Some unforgetable shoes for T.P. — although I may have already posted them once, I can’t remember. (See what I did there?) Continuing the theme, here’s today’s About My Query post:
Dear Ms. Unfeasible,
A first love is hard to forget. Luckily for Liz Wagner hers moves away, but when his grandmother is diagnosed with dementia and is unable to live alone, he returns.
Zach is back. Who cares? Liz certainly doesn’t. Until Zach starts showing up everywhere even rekindling the bromance of video games with her brother. Now she cares. It’s official. Zach is out to ruin her life. Ugh!
While Liz deals with the emotional turmoil of a first love returned, a real tragedy strikes at her brothers college, causing her to lean on the one person she has been desperately trying to avoid.
She needs Zach more than ever. Even if she just thinks of him as a ride to get her to the hospital. But once there he becomes the glue keeping her from falling apart and makes her wonder… is it possible for two people to change yet still be perfect for each other?
And once the dust settles and the world is right again, will she be brave enough to open her heart to the boy who ripped it out?
Displaced Hearts is a 60,000 word contemporary young adult novel that explores love, loss and rediscovery. Thank you for your time and consideration. I look forward to hearing from you.
First of all, I think this would start off stronger with “Your first love is hard to forget”, instead of the more general “A first love.” And why is is lucky for Liz that hers moves away — the usual assumption about someone you love would be that you’d want them to stick around. That being said, was it a deliberate choice to contrast the “hard to forget” line with Zach’s grandmother’s dementia? I think a lot of readers would see that and think you’re making a pun about memory.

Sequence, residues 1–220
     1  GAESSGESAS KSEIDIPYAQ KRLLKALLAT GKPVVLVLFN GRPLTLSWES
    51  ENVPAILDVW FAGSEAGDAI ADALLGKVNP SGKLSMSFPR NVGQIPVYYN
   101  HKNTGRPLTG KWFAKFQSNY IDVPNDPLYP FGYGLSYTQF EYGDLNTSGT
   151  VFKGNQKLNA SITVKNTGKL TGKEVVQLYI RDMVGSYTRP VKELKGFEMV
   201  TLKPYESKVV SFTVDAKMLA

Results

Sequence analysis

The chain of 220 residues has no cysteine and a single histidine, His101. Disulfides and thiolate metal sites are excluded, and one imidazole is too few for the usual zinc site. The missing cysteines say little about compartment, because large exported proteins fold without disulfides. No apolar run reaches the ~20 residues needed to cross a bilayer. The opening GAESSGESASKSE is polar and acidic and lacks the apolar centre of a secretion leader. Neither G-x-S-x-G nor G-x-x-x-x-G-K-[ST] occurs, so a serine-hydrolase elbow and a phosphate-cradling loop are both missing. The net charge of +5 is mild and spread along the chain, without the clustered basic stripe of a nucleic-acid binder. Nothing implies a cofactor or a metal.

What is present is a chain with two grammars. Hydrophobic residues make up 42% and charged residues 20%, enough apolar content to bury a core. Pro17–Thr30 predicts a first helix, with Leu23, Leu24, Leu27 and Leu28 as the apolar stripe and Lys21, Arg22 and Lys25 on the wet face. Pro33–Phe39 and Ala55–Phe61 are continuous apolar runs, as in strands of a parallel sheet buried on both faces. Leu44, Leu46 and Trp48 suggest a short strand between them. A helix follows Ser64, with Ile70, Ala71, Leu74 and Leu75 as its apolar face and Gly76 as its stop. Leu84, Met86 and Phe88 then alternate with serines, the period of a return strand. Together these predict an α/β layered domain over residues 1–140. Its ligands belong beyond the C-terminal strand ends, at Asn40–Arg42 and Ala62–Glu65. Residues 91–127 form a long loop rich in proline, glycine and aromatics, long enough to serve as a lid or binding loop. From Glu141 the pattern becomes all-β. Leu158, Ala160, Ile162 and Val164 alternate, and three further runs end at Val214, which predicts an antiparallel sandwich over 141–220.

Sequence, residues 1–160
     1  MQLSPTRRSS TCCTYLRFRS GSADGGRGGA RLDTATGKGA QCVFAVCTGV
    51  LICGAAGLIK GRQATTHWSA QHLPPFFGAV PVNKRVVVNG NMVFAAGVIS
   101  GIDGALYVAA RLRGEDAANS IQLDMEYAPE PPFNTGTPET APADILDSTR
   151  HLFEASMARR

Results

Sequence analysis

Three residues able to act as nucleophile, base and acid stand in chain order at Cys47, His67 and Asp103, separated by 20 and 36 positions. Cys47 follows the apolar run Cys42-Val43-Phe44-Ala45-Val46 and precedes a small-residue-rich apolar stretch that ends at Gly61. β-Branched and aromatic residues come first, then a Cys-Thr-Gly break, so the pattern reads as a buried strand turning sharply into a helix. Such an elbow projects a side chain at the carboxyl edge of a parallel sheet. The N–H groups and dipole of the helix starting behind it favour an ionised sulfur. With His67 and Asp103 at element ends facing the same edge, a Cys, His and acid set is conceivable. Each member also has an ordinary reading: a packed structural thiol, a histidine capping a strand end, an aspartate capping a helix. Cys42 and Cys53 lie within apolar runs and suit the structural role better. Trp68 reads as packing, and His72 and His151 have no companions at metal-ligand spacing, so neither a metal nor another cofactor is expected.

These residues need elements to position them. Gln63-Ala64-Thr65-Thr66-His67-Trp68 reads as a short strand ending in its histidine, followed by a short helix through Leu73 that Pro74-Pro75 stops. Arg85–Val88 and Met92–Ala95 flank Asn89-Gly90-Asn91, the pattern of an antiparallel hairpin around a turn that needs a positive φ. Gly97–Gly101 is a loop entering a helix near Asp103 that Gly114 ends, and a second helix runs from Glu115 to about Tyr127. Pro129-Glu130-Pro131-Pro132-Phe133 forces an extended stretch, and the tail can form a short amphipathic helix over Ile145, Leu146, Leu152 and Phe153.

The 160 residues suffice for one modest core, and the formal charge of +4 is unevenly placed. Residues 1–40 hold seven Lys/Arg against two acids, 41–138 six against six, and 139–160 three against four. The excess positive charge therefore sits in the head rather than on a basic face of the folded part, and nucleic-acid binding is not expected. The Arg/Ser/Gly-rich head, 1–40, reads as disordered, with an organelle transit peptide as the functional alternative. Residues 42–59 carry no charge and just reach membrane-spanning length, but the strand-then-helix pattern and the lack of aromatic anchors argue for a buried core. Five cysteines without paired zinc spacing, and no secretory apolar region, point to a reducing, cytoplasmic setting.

The next paragraph is way too choppy, and the one line that doesn’t feel so is weirdly long or incorrectly punctuated. Moving on, you’ve got several more short paragraphs that I think would be better combined into one, longer one — even if that means losing some details. And speaking of details, I think you should be more specific about the tragedy that strikes. It’s obvious that it affects Liz’s brother, else why is she at the hospital regularly? You should say so.
I’m also wary of too many questions. I like “Is it possible for two people to change yet still be perfect for each other?”, but am less enamored of “will she be brave enough to open her heart to the boy who ripped it out?” When you combine those with “Who cares?” in the second paragraph, it’s about two too many.
Otherwise, though, it looks good! What do my brilliant blog readers think?